A Cornucopia of Classical Homeschoolers!
- Monday, May 23, 2011
Because it is adapted for each child’s skill level, I have found that classical education has allowed me to teach Jonathan at his own level, while giving him the freedom to learn in his own way. Now he is 7, and I am beginning to see the stage of understanding light up his face as he is practicing problem solving in 4th grade math.
That independence has been a real benefit of classical education in our family too. During the past two years, we’ve endured a father’s cancer treatment and a baby with a heart condition, all while traveling and speaking around the country. The inquiring minds our children developed have helped us keep moving in the midst of struggles and busyness.
In many years of classical home education, we’ve had mountaintop experiences and magnificent successes, as well as times we haven’t accomplished nearly what we had hoped to accomplish. As a whole, though, it has been a blessing to us and to the children. Our son’s classmate at a top-twenty college once said: “I wish I’d been homeschooled. You’ve had a much better education than I had.”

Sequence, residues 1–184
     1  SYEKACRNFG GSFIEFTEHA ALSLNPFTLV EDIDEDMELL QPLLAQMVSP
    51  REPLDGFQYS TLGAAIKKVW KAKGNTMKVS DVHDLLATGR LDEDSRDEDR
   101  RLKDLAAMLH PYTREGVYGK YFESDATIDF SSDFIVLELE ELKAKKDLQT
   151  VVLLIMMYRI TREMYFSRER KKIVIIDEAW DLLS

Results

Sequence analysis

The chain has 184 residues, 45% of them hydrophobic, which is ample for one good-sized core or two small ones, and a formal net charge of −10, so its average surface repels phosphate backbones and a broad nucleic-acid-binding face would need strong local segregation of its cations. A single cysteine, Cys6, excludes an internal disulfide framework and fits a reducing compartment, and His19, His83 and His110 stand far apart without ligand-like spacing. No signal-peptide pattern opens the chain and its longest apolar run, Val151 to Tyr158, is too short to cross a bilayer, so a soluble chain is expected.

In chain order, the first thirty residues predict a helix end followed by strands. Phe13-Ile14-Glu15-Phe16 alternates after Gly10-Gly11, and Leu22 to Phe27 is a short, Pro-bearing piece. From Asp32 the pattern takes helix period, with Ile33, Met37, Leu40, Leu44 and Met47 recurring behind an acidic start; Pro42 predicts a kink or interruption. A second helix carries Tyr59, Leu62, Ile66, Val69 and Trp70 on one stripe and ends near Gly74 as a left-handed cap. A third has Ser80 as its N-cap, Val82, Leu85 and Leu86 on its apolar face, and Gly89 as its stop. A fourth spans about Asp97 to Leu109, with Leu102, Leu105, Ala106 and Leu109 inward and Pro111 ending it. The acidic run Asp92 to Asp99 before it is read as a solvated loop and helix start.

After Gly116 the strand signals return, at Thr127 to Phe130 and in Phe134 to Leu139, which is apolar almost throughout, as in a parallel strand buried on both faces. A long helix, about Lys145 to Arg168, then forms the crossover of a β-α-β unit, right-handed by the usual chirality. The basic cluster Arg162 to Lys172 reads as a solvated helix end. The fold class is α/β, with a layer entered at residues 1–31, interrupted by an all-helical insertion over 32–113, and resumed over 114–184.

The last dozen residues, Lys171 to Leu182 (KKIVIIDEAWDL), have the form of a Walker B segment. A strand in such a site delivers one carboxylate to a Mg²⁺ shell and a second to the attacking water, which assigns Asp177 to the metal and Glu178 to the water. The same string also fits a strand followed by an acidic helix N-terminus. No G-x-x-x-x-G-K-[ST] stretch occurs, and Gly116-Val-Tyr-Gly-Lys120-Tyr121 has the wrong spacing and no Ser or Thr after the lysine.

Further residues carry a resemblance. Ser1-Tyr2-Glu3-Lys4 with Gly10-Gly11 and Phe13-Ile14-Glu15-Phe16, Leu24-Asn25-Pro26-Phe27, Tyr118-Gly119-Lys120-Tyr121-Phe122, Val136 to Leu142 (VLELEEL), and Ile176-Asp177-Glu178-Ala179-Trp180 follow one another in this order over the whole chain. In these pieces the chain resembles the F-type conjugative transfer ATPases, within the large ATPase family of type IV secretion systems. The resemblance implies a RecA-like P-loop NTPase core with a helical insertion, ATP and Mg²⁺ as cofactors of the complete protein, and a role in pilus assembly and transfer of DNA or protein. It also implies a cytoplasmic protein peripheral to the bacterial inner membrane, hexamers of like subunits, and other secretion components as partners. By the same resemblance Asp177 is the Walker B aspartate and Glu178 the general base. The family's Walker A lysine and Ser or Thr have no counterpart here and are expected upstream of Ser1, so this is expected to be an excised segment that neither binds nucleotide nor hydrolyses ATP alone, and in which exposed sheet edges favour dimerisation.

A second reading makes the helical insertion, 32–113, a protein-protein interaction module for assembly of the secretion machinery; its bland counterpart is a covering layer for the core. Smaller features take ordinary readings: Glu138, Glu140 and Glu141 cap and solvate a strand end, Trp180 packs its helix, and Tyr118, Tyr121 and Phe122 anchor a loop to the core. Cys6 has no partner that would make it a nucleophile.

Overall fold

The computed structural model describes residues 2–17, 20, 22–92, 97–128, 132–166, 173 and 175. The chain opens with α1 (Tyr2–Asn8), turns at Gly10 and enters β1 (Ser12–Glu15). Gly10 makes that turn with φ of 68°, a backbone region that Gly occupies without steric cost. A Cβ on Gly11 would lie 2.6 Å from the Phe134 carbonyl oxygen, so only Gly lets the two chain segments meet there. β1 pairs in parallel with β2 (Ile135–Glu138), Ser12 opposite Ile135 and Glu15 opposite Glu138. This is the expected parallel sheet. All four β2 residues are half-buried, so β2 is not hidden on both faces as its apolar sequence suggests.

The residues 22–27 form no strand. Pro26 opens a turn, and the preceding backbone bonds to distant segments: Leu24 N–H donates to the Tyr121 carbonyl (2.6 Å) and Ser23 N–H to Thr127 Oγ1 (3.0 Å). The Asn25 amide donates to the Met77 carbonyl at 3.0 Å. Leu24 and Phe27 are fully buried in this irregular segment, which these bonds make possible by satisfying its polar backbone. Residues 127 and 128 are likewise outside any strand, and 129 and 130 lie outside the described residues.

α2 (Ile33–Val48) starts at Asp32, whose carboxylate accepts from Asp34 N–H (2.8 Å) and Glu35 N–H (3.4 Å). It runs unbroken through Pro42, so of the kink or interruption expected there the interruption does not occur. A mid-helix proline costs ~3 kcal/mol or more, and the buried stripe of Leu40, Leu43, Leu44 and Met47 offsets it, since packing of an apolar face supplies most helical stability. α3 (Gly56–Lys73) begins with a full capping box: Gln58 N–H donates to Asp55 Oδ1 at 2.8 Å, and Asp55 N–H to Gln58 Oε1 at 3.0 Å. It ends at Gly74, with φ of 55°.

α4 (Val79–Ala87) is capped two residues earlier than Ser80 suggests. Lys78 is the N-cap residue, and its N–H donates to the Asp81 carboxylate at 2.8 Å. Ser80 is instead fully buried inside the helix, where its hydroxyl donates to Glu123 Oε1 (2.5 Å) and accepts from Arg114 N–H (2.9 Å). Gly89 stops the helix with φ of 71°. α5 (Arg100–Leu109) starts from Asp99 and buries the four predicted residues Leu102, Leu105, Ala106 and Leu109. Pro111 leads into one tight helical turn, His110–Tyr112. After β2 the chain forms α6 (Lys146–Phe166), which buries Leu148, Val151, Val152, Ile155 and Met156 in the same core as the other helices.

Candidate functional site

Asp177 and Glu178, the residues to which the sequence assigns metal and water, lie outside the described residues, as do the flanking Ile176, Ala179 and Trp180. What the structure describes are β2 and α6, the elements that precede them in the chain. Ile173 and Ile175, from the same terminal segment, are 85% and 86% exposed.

Our children are getting a much better education than we did too. More than that, they’ve learned true wisdom—yes, from the great thinkers of history, but especially in the light of the Word of God—and the gaining of wisdom is far better than a thousand completed workbooks!
Hal and Melanie Young are the parents of six sons and two daughters, whom they have been homeschooling from the beginning. Hal and Melanie are the authors of Raising Real Men: Surviving, Teaching and Appreciating Boys, as well as an upcoming book about marriage. When they aren’t traveling the country speaking about raising boys, Biblical family life, and homeschooling, they live in noisy familial bliss in North Carolina. www.RaisingRealMen.com and http://www.facebook.com/raisingrealmen
1. George Ramsey Clark et al.,A Short History of the United States Navy, (Philadelphia: J. B. Lippincott, 1911), p. 178.
Copyright, 2011. Used with permission. All rights reserved by author. Originally appeared in The Old Schoolhouse®Magazine, Winter 2010-11.
Visit The Old Schoolhouse® at www.TheHomeschoolMagazine.com to view a full-length sample copy of the print magazine especially for homeschoolers. Click the graphic of the moving computer monitor on the left. Email the Publisher at Publisher@TheHomeschoolMagazine.com.
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